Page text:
Although clover can be part of a healthy lawn, the gardening community has been advocating clover removal for about 50 years, according to "Anchorage Daily News." In the past, lawn mixes used to consist of up to 20 percent clover. Whether you want to keep or kill clover, therefore, is a matter of personal preference. To kill clover effectively, you can choose from several methods.
For small patches of clover, remove by pulling by hand. For larger groups of clover, use a thatch rake to remove it. A thatch rake has semi-circular blades and removes the parts of the clover that grow above the ground. Then pull out the roots by hand or with a tool such as a hand cultivator or a dandelion fork. A weed eater is another useful mechanical method to remove ground clover.
Chemical Clover Killers
Ground clover is not easily removed without chemicals, especially stubborn clover that reappears each year. Weed killers specifically designed for clover may be found at your local garden center. For persistent clover, "The Roanoke Times" recommends using a weed killer with Dicamba as the active ingredient. Other chemicals that will kill ground clover include glyphosate and 2, 4-D ester. These various active ingredients may work best on specific clover types, so check the product label instructions.
Killing Clover in the Fall
Kill ground clover in the fall because the seeds from the previous blooming season begin to germinate during this season. These new seeds are more vulnerable to various clover-killing methods. If your clover reappears every year, continue your clover removal methods every fall for six to eight years. If you allow ground clover to remain in the fall, the winter frost may kill it, depending on your climate.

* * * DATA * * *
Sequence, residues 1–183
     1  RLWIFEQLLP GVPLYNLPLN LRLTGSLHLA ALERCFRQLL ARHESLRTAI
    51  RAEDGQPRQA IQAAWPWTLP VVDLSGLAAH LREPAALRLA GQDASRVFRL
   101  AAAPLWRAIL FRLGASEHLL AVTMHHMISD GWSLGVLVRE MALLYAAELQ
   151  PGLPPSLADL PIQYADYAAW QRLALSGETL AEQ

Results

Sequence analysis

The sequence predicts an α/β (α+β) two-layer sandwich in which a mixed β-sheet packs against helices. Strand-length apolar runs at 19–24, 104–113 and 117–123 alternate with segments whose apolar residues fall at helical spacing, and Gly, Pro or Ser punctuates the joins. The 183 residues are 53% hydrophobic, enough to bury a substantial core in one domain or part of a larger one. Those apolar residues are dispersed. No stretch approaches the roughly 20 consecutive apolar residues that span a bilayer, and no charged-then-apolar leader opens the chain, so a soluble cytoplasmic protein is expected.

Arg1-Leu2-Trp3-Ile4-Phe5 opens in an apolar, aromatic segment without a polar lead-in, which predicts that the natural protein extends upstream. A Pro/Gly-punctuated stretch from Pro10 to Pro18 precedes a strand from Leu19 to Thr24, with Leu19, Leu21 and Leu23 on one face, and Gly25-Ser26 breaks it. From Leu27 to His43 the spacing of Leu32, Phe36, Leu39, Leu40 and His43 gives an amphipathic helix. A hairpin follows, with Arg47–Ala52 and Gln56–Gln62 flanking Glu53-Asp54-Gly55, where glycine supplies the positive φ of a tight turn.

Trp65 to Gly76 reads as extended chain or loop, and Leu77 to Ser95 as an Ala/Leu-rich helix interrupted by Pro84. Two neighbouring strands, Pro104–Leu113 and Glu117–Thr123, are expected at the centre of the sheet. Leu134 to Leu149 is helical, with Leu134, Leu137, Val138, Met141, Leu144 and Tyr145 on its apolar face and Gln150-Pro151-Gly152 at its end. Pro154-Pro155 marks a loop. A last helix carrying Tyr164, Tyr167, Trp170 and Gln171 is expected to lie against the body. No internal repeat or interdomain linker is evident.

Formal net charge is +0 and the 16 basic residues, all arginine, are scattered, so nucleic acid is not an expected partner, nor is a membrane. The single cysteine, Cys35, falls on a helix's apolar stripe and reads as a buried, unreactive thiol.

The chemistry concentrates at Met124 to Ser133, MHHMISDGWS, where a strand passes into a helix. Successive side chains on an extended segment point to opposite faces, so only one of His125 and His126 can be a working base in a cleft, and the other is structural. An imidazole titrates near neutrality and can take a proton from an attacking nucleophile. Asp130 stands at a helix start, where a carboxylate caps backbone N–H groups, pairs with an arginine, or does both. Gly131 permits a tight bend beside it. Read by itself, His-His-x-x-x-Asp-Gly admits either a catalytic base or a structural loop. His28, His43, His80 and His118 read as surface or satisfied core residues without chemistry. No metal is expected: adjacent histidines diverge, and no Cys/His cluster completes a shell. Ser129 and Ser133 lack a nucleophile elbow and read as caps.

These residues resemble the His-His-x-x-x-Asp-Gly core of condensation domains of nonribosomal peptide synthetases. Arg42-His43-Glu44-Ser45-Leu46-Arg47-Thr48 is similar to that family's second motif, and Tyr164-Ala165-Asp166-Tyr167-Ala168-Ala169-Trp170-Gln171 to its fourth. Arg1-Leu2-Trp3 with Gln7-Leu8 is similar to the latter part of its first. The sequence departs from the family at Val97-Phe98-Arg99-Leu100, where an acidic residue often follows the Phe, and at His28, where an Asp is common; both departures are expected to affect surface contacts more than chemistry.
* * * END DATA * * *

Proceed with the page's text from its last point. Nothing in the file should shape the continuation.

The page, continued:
Killing Clover in the Spring
If you have crimson clover and intend to use the area where it currently grows for planting crops, you may benefit from killing clover in the spring. Crimson clover produces nitrogen, which may help crops thrive. If there is little rainfall during the spring, kill the clover in early spring to maximize the amount of water the next crop gets. If there is normal or high levels of rainfall, kill crimson clover about one week before planting new crops.
- "Anchorage Daily News"; If Clover Bugs You, Kill It Without Chemicals; Jeff Lowenfels; July 2008
- "The Roanoke Times"; White Clover Can Take Years to Eliminate; John Arbogast; November 2005
- Michigan State University; Controlling Cover Crops; Dale R. Mutch, et al.
- Michigan State University; Crimson Clover; Michel A. Cavigelli, et al.
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